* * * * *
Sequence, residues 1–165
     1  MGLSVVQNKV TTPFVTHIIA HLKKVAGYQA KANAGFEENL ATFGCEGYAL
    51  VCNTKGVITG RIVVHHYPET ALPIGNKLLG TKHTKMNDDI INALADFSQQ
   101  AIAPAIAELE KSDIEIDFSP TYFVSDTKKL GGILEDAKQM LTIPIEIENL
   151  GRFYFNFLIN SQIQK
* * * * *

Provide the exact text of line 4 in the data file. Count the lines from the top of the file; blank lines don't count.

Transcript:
   101  AIAPAIAELE KSDIEIDFSP TYFVSDTKKL GGILEDAKQM LTIPIEIENL